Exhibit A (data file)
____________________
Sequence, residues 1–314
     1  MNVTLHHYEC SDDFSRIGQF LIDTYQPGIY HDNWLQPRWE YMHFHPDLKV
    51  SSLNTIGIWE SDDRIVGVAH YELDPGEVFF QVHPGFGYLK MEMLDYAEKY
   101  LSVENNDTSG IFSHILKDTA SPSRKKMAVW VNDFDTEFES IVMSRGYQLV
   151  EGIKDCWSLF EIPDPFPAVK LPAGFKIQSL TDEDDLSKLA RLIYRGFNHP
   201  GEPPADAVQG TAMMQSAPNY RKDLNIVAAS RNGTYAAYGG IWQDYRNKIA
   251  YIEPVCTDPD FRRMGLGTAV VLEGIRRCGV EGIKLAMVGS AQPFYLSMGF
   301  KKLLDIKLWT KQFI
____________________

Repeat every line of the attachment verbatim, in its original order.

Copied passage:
Sequence, residues 1–314
     1  MNVTLHHYEC SDDFSRIGQF LIDTYQPGIY HDNWLQPRWE YMHFHPDLKV
    51  SSLNTIGIWE SDDRIVGVAH YELDPGEVFF QVHPGFGYLK MEMLDYAEKY
   101  LSVENNDTSG IFSHILKDTA SPSRKKMAVW VNDFDTEFES IVMSRGYQLV
   151  EGIKDCWSLF EIPDPFPAVK LPAGFKIQSL TDEDDLSKLA RLIYRGFNHP
   201  GEPPADAVQG TAMMQSAPNY RKDLNIVAAS RNGTYAAYGG IWQDYRNKIA
   251  YIEPVCTDPD FRRMGLGTAV VLEGIRRCGV EGIKLAMVGS AQPFYLSMGF
   301  KKLLDIKLWT KQFI